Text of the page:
Sunday, July 31, 2016

A literature of power without force

I was going to discuss voting rights 
in the United States yesterday, but 
the subject called for more time than 
I could give it, with everything else 
Saturday offers - and requires. I cer-
tainly didn’t object to the subject I 
chose. I reasoned, I could pass off 
the note on voting rights to Sunday, 
and hastened into town to shop.

On my way home, I stopped at a smart 
little roadside café for a first bite 
of the day. I was followed a few min-
utes later by a young family — mother, 
father, a boy of about 7, one of about 
4, and an infant in a carrier. They as-
sumed their rôles without a hitch. The 
mother announced their requirements, 
the father fetched a stool for the in-
fant, the latter dozing silently; and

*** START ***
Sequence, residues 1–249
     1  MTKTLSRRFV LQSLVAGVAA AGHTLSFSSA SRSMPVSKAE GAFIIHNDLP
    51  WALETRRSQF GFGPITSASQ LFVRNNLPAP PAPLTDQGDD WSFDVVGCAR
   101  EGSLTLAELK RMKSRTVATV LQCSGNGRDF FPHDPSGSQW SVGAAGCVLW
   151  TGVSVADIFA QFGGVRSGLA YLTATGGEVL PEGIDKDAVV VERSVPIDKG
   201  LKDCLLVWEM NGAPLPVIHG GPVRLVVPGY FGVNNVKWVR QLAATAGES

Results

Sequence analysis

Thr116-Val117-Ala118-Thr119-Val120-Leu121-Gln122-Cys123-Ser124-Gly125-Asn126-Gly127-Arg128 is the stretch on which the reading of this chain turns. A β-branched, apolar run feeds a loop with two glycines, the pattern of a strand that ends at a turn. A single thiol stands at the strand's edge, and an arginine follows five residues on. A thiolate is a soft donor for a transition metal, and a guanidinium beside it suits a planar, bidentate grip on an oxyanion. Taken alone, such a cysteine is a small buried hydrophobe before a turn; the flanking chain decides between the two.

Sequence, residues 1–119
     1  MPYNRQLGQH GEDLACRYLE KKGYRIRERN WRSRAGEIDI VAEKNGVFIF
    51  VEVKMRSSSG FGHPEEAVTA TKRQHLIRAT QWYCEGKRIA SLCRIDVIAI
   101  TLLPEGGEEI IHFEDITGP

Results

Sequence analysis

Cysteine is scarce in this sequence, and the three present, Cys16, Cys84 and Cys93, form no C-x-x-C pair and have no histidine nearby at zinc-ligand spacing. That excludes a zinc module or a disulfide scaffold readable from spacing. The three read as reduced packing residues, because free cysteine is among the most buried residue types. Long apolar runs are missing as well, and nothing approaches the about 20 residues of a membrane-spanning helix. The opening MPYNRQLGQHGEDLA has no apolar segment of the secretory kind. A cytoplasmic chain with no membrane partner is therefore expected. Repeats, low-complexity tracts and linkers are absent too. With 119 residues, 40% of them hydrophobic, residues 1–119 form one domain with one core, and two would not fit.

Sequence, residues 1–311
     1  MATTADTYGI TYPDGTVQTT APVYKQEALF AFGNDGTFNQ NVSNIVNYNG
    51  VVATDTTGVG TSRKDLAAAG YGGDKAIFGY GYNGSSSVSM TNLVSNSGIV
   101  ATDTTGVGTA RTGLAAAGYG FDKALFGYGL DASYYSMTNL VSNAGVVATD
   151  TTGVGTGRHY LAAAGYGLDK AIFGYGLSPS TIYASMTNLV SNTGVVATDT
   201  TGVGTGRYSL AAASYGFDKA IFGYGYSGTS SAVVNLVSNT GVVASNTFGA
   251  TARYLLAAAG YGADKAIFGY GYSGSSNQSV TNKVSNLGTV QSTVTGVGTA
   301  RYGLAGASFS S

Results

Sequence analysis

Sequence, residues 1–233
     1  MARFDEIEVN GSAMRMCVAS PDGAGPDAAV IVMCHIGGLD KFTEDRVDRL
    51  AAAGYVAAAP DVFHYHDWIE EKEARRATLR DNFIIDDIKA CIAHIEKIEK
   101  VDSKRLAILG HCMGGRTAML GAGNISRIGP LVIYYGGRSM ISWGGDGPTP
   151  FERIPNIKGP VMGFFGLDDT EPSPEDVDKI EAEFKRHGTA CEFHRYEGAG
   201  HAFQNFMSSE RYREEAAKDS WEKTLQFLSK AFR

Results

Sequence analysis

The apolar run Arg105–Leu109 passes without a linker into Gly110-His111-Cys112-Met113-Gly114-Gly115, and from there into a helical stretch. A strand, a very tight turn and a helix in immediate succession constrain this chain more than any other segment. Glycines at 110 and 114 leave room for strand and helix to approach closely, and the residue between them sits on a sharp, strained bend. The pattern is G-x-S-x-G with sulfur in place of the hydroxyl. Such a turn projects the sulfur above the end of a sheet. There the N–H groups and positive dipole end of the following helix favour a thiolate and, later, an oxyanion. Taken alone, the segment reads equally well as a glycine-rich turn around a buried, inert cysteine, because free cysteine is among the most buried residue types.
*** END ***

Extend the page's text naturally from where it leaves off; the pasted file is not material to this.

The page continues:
the older brother strode about, explor-
ing the environment, until the younger 
spoke up to him, almost in a whisper, 
in a tone reserved for them: Why don’t 
you sit, and talk to me?

Immature. Narcissistic. Sexist. Needy.
That whole list of our objections now.
least of disdain. Disempowerment may
impart these elements, left to their

Representation, I understand. Direct 
democracy, I understand. Repression, 
I understand; and corruption, I thor-
oughly understand. Voting responds to 
something else. 

I know it by that question, I’d know 
its tone anywhere. It has driven this 
election, and it will do, all the way. 

Edward Hopper
Solitary Figure in a Theatre
Whitney Museum

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